The SpaceX rocket is owned by Space Exploration Technologies, a California-based company that is among four private enterprises vying to replace the space shuttle as NASA‘s vehicle to take astronauts and supplies into the Earth’s orbit. ”Dragon in orbit … Feels like a giant weight just came off my back,” wrote company founder Elon Musk on Twitter. Musk, co-founder of PayPal, poured much of his own money into the venture. In total, SpaceX spent more than $1 billion on the first privately-funded trip to the ISS, the Associated Press reports.
The next big test for SpaceX will come Thursday, when the Dragon capsule is scheduled to practice its maneuvering capabilities before docking with the space station on Friday.
By Trevor Melanson - Friday, March 2, 2012 at 6:19 PM - 0 Comments
The idea isn’t as far-fetched as you think—well, okay, just slightly less far-fetched
Let’s say we want to colonize Mars. Or better yet, let’s say we need to colonize Mars. After all, world-renowned astrophysicist Stephen Hawking—a rather smart fella, if ever there was one—has said humanity will face a choice between space colonization and extinction. Speaking to Canadian Press in November, Hawking said that because our genetic code carries in it selfish instincts, which made sense for survival thousands of years ago, it willl be difficult “to avoid disaster in the next hundred years, let alone the next thousand or million.” In short, we’ve outpaced evolution and we’ve got all our eggs in one basket: Earth.
But why Mars? For one, it’s close by, comparatively speaking. Mars’s surface area may only be a third that of Earth’s, but keep in mind two-thirds of our planet is covered by water. Mars also has an atmosphere, albeit a thin one. Indeed, the red planet is generally considered the most Earth-like in our solar system. Even the days are only 40 minutes longer than ours.
But is it really doable? Continue…
By Kate Lunau - Wednesday, November 16, 2011 at 11:35 AM - 0 Comments
Researchers seek to prove that travel to Mars is possible
On Nov. 4, six figures emerged pale and blinking from a windowless module stationed in a Moscow parking lot. These men—three Russians, one Chinese, a Frenchman and an Italian—spent 520 days locked up inside, simulating a flight to Mars and back, an experiment run by Russia’s Institute for Biomedical Problems and the European Space Agency. Upon emerging, French crew member Romain Charles said the Earth-based mission proves that “a human journey to the red planet is possible”—or, at least, that surviving the isolation of long-distance space travel could be.
To kill time, the crew performed experiments and stayed in touch with loved ones, although communications were delayed, like on an actual mission. August was the toughest, says a blog post from Charles; family and friends were on holiday, and the best food had been consumed. But the men, who were paid about $100,000 each (China didn’t reveal a price), came out undeterred. As Charles said, “We’re ready to embark on the next spaceship going there.”
By Kate Lunau - Thursday, November 3, 2011 at 1:20 PM - 8 Comments
How the wealthy are shooting for the stars—privately
On Aug. 24, an unmanned Russian cargo spaceship bound for the International Space Station (ISS) crashed in eastern Russia, sent down by engine failure in its Soyuz carrier rocket. Russia temporarily grounded all launches to the ISS to investigate, but the crash underlined a pressing problem: since the U.S. retired its aging fleet of space shuttles in July, any astronaut or cargo heading to the space station has no choice but to hitch a ride with Russia. For a ride on the Soyuz, NASA pays about $56 million per seat—and the cost will go up to $62.7 million in 2014.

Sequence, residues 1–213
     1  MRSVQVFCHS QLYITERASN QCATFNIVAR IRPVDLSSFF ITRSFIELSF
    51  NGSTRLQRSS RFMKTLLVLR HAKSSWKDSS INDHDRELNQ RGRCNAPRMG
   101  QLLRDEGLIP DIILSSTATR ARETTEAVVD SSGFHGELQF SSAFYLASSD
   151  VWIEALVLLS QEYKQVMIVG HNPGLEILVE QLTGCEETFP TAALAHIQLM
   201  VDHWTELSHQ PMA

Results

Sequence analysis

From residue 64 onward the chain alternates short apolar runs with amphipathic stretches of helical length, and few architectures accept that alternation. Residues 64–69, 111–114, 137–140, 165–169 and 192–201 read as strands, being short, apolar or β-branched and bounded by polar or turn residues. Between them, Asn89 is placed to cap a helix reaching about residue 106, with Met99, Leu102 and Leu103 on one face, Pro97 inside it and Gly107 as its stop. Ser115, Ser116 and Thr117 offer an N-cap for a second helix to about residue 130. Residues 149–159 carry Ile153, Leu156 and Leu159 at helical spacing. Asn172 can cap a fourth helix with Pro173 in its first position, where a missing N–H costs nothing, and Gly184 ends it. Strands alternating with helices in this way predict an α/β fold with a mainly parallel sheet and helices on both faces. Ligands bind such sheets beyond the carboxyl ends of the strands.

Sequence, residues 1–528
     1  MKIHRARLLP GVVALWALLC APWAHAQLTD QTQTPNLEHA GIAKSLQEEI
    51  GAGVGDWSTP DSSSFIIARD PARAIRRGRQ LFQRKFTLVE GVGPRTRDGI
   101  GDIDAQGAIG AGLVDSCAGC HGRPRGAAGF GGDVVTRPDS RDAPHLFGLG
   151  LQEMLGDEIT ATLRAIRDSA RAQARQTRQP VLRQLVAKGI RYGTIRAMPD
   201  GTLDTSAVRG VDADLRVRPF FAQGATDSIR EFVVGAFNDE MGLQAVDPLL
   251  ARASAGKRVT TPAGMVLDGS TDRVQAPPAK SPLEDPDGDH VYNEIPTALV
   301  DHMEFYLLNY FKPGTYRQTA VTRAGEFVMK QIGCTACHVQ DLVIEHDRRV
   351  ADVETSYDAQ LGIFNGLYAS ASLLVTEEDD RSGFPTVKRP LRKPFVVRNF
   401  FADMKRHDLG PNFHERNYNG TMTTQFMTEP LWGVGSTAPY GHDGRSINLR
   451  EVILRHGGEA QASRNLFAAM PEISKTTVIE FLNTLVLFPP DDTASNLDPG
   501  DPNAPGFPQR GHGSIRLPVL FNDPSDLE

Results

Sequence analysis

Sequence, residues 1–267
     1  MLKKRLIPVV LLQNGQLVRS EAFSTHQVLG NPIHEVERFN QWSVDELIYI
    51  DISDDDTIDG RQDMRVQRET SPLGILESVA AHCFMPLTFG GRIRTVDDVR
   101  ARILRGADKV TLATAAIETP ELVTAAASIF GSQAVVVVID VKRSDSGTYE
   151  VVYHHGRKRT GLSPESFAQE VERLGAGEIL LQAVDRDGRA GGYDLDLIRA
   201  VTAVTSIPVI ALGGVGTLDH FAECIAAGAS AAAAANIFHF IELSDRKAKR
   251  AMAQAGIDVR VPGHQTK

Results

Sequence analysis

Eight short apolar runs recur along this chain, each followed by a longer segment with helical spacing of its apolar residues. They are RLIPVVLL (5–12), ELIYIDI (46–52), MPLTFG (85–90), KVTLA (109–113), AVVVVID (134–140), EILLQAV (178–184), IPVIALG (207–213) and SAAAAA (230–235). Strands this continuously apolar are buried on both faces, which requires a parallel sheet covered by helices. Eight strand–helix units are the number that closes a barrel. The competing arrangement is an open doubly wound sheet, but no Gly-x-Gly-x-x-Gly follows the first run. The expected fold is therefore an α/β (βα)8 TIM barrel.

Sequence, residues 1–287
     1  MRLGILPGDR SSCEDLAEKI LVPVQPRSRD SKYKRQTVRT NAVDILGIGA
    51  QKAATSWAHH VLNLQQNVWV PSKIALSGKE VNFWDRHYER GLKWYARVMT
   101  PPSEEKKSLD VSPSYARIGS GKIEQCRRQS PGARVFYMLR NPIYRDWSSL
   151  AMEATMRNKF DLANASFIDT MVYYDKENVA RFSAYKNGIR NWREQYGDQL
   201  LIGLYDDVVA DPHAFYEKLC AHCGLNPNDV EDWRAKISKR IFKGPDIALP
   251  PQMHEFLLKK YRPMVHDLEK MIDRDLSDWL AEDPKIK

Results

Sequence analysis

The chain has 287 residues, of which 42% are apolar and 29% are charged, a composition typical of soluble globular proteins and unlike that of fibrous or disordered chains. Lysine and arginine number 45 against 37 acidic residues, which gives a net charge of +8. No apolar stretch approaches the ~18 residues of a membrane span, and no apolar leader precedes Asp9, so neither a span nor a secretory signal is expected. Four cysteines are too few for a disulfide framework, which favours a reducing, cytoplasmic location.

It must be a blow to American pride. The U.S. doesn’t want to rely on Russian rockets forever, and other nations like China are pushing ahead with ambitious space programs. But NASA doesn’t plan on building more shuttles. The U.S. space agency is shifting its focus to deep space exploration, and intends to buy rides into low Earth orbit (where the space station is) from private companies instead.
Like a commercial airline, these companies will sell rides not only to NASA, but to academics, businesses, and the curious public, too. A handful of ultra-wealthy entrepreneurs are backing some of the most ambitious ventures in space travel. SpaceX was launched by Elon Musk, who co-founded PayPal and is CEO of Tesla Motors; Blue Origin comes from Amazon’s Jeff Bezos; and Virgin Galactic is an offshoot of Virgin Group, founded by Sir Richard Branson. New Mexico is completing a taxpayer-financed commercial space terminal, Spaceport America, with Virgin Galactic as its anchor tenant.
By macleans.ca - Tuesday, April 19, 2011 at 12:19 PM - 1 Comment
More than $269 million allocated to spaceship builders
NASA has divided more than $269 million among several companies aiming to build commercial spaceships that will carry astronauts to the International Space Station, Reuters reports. According to NASA, Boeing received $92.3 million and Sierra Nevada Corp got $80 million (all USD). Meanwhile, Space Exploration Technology, which was founded by Internet entrepreneur Elon Musk and is also known as SpaceX, got $75 million, and Blue Origin, which was founded by Jeff Bezos of Amazon, got $22 million. These companies were competing for funding in NASA’s Commercial Crew Development program, aimed at developing a commercial alternatives to get astronauts back and forth from the International Space Station. U.S. space shuttles will be retired later this year. These companies have to invest their own resources along with government funds, which is different from how U.S. spacecraft has previously been developed. The goal is for NASA to buy commercial orbital space transportation services by 2015.